“Uber and Lyft’s prospectus state clearly that their success depends on taking over market share from public transportation,” Jacobs told Salon in an email. “While this may work for those who can afford to use TNCs [Transportation Network Companies] if public transportation is starved for funds and cut back as a result it will have a negative effect on those who rely on our buses and trains.” 

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Jacobs was referring to a document that Uber filed with the Securities and Exchange Commission, in which the company said that part of its growth strategy was not just to get people out of private cars but to get them off public transportation.

“We believe we can continue to grow the number of trips taken with our Ridesharing products and replace personal vehicle ownership and usage and public transportation one use case at a time, including through continued investment in our affordable Ridesharing options, such as Uber Bus and Express POOL,” the document stated.

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Interestingly, Uber and Lyft support the proposition — unlike the state's decision to have the companies treat their oft-exploited contractors as employees and issue them benefits, a law that both companies have vowed to fight. The tax from this proposition does not directly help contractors for these companies or regulate their ability to be exploited.

Some cities, such as Los Angeles, are eyeing additional measures to further protect their drivers' livelihoods. The Los Angeles City Council voted in October to proceed with an independent study on the average wages and business expenses of the city’s rideshare drivers, and review policies around the country. The motion also asked the city attorney to draft an ordinance that would set the minimum wage for rideshare drivers to $30, suggesting that drivers will need an additional $15 per hour to pay for business expenses like gas.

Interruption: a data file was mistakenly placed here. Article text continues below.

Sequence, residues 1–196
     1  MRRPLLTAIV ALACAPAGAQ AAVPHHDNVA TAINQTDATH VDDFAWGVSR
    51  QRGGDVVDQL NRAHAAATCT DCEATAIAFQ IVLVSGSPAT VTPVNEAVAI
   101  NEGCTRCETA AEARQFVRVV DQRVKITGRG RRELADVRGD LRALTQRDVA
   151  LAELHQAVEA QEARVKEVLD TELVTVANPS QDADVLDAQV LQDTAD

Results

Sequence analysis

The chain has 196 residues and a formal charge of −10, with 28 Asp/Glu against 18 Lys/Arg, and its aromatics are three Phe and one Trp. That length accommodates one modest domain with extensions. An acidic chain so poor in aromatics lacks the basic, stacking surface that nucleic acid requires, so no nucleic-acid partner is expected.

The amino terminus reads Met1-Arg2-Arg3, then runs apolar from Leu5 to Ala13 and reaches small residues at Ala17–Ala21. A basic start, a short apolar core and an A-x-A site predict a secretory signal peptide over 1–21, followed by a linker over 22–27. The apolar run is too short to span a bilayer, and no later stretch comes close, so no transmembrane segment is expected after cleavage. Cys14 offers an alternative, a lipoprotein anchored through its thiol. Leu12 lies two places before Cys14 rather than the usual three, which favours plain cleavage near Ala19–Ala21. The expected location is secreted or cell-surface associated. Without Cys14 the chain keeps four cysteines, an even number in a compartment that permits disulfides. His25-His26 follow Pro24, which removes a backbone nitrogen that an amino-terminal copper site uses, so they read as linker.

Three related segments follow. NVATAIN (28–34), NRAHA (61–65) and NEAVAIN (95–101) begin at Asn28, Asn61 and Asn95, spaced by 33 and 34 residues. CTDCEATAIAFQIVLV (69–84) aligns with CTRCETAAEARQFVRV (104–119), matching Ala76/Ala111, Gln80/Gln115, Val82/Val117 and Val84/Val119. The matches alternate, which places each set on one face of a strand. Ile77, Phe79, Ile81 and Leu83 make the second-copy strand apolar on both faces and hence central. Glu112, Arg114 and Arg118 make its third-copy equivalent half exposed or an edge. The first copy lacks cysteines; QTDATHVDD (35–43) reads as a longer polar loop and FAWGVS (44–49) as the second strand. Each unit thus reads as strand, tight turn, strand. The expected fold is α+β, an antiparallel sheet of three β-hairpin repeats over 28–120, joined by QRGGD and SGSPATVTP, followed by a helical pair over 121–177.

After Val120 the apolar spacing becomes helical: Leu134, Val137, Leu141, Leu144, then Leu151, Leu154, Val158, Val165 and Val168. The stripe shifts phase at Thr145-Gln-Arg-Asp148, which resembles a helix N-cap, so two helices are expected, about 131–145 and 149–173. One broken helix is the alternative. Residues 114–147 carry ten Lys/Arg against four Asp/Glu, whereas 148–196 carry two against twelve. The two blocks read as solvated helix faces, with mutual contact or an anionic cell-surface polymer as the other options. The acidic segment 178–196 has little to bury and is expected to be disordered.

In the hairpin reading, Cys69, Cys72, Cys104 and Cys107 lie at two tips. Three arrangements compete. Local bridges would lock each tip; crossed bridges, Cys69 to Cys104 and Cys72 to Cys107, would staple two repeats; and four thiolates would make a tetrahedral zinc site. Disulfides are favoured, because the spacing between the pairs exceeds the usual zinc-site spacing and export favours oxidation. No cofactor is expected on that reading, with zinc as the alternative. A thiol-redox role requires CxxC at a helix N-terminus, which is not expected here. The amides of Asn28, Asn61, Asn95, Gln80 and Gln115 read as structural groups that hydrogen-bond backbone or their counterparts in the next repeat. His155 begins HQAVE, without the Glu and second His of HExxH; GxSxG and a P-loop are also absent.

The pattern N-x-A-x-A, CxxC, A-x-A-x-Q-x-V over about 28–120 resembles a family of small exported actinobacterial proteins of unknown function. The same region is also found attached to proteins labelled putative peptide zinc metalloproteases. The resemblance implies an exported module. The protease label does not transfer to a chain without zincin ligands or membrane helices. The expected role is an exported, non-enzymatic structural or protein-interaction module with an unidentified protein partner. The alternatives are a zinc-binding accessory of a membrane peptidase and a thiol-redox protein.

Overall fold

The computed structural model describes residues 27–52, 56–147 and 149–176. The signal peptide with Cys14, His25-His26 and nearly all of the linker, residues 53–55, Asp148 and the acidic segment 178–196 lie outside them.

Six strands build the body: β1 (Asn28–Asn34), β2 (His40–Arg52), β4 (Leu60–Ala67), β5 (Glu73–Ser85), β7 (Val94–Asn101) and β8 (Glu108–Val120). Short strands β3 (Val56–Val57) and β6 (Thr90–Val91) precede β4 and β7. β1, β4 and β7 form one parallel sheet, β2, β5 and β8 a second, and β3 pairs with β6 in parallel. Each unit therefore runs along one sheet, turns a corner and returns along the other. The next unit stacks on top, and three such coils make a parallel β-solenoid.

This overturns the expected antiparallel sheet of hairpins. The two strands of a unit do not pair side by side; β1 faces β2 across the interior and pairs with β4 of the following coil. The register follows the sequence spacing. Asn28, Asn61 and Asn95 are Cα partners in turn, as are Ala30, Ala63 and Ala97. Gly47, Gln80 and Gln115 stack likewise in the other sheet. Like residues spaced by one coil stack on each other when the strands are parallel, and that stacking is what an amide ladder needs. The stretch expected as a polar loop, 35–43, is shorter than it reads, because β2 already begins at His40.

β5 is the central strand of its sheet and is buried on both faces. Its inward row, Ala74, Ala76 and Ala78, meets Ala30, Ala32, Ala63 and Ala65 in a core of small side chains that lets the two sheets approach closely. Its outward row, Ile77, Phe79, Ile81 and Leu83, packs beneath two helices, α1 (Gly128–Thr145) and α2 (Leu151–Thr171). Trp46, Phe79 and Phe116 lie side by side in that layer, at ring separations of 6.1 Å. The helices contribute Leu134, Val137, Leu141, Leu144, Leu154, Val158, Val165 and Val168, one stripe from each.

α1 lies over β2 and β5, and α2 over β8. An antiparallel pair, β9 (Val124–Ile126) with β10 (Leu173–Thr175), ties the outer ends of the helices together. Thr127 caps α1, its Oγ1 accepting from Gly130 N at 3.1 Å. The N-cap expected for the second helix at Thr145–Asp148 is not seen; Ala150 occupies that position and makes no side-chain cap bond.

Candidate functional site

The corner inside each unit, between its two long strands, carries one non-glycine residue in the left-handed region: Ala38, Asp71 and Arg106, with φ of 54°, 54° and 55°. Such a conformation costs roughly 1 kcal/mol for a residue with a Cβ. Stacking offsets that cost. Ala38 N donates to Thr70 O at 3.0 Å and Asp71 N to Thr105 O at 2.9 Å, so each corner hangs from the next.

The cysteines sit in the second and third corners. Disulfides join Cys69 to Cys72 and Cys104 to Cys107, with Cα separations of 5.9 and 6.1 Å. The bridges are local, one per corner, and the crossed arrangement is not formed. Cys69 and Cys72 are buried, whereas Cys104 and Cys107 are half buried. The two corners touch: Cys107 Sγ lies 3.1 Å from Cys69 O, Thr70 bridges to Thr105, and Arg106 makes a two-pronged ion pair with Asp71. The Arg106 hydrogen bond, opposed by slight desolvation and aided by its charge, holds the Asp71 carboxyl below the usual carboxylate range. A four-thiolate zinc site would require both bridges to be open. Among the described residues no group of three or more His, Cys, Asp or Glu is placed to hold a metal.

On the East Coast in New York City, more than 96,000 drivers joined together to sue Uber, claiming it unlawfully deducted millions of dollars in fees from them. 

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“Uber bosses are raking in millions while drivers struggle to feed their families,” Bhairavi Desai, executive director of the Taxi Workers Alliance, said in a statement reported by  The Verge. “Uber’s business model depends on exploiting vulnerable low-wage workers — including by stealing from driver pay. But time and time again, when workers fight back, we beat Uber even with all their billions.”

Will Uber and Lyft be able to survive what’s next? As Saba Waheed, a research director at the UCLA Labor Center, previously told Salon: “If it’s not them, someone will pick it up and figure out how to do it.”

"[Ridesharing] doesn’t need to go away, but it doesn’t need to have the elements it has right now,” Waheed said. “It can’t have the working conditions it has for drivers, because clearly drivers are going through a revolving door.”

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In the meantime, Peskin said he hopes this measure will be a model for other California cities.

" I know other jurisdictions in California are watching this race closely, so I hope that San Francisco has modeled for the rest of the state what is possible," Peskin said.


Nicole Karlis

Nicole Karlis is a news writer at Salon. She covers health, science, tech and gender politics. Tweet her @nicolekarlis.